As the story goes, Jim Butler was camping around Tonopah Springs, the spring of 1900 when his burro wandered off.
While chasing it, Jim picked up a rock to throw at it & discovered some promising looking ore. He continued his journey and showed the samples to others, who showed little interest. After returning to his home in Belmont, Butler told a young attorney named Tasker Oddie about his discovery. Tasker had a friend who taught chemistry in Austin, and he enlisted the teacher’s help in assaying the sample.
The ore valued at more than $200 a ton. Jim’s wife, Belle urged him to travel once again to the site of the original find and filed eight claims and removed several tons of ore. For a one-quarter share, Wilse Brougher hauled the ore by horse and wagon to Austin, then by rail to Salt Lake City for smelting.
That first shipment netted the partners $500.00, which was used to buy equipment needed for further development.
As venture capital was difficult to obtain, Jim, Belle and their partners implemented the unusual concept of mine claim leasing by the foot. These leases, which were sealed by a handshake, gave the lessor 75% of all profits from his claim and greatly speeded the development of the district.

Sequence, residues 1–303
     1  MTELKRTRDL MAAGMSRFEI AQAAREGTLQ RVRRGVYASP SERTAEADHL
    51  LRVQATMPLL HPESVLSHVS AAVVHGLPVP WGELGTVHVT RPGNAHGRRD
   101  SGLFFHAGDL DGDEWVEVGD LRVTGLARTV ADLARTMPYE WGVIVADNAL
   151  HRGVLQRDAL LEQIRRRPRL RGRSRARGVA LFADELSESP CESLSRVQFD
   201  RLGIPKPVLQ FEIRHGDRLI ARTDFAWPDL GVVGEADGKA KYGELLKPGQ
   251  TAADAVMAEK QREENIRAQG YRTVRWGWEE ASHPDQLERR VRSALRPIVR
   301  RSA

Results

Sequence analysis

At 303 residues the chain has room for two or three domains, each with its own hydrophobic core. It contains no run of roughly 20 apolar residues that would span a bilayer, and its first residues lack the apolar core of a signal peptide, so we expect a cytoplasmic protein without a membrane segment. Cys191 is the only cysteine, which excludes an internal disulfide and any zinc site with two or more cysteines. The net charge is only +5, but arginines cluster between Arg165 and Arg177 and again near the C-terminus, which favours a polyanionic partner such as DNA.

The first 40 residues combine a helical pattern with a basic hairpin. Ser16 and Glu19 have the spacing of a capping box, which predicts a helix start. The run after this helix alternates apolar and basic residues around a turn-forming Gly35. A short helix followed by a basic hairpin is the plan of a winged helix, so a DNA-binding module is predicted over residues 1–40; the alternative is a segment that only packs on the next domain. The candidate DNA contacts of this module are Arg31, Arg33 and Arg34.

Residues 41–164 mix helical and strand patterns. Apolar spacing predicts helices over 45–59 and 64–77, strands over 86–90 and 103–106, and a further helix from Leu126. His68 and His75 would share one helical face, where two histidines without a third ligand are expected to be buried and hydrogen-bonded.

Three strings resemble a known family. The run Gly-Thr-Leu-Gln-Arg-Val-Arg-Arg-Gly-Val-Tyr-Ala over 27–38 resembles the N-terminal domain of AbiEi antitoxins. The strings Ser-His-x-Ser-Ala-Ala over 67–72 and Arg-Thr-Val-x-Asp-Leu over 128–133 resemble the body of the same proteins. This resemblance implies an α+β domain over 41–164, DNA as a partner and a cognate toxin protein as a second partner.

Many of the miners got rich under this arrangement. The practice then quickly spread to other mining districts. The Butlers eventually sold their interests in the properties to a Philadelphia financier, who formed the Tonopah Mining Co. The assets of this new company exceeded one million dollars.
Tasker Oddie subsequently formed the Tonopah Belmont Development Company with production between the two, totaling more than half of the precious metals from the mining district.
History tells us that the mines in this district produced in excess of five million tons of ore.
At today’s market, the precious metals produced would be valued in excess of $1,200,000,000.